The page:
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Why do pandemics cause panic?




A hazmat worker prepares to enter an apartment  where a second person diagnosed with the Ebola virus resides on October 13, 2014 in Dallas, Texas.
A hazmat worker prepares to enter an apartment where a second person diagnosed with the Ebola virus resides on October 13, 2014 in Dallas, Texas.
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Ebola is not a global pandemic, and it's far from widespread in the US. There's only been one death and two other confirmed cases in America.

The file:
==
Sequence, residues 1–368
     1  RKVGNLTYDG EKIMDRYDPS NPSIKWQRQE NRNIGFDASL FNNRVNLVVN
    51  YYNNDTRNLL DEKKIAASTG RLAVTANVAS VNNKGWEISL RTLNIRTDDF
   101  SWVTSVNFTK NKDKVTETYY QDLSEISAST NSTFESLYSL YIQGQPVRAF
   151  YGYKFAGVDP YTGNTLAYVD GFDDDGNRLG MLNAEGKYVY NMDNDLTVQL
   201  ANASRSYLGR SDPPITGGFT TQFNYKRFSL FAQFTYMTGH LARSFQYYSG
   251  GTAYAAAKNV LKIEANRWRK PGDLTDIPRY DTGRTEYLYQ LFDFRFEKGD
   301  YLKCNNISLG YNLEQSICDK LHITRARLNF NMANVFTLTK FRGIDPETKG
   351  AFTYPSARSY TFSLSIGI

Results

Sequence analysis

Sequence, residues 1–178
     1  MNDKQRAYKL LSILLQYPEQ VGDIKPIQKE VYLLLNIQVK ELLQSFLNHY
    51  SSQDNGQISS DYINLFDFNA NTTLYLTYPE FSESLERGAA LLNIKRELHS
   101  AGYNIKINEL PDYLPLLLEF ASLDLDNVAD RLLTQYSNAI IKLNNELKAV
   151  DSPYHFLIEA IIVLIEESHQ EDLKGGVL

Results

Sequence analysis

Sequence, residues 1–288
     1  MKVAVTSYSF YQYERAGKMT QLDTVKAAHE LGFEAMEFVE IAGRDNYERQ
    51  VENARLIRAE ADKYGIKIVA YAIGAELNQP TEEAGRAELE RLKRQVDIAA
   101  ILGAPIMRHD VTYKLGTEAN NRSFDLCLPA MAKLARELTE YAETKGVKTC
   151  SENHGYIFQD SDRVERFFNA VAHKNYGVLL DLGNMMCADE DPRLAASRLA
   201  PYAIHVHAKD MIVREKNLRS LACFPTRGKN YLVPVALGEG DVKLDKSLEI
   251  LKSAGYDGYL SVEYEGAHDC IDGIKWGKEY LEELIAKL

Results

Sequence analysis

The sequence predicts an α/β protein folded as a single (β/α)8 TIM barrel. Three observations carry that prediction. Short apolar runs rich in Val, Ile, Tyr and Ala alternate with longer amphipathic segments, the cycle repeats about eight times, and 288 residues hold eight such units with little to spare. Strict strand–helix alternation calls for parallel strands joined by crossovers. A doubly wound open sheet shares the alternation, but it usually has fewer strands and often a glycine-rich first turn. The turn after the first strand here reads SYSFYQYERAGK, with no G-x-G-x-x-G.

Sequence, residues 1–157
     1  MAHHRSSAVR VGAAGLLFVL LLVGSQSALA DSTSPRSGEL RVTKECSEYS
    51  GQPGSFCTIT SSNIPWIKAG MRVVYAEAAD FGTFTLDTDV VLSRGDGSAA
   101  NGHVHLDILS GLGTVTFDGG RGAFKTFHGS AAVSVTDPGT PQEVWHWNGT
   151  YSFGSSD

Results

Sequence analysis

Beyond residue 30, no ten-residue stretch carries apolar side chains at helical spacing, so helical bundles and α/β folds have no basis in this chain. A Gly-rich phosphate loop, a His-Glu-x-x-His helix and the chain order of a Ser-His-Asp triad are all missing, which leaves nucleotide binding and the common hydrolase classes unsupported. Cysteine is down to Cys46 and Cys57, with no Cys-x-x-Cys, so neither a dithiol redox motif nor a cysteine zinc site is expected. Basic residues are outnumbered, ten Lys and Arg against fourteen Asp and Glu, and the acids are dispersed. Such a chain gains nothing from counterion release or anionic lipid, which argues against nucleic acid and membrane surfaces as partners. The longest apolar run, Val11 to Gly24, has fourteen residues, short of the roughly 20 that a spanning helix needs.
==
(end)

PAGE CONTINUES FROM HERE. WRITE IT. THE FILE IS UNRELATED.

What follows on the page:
But still, there's plenty of panic.

In the past week, there have been scares in Los Angeles, Las Vegas, Boston, Kansas City and more.

All of them have been false alarms.

Phillip Alcabes, author of, "Dread: How fear and fantasy have fueled epidemics from the Black Death the Avian Flu, " says pandemic threats -- swine flu, SARS, AIDS -- have historically caused large scale panics.

He adds that certain groups and ethnicities often become the target of people's fears, too.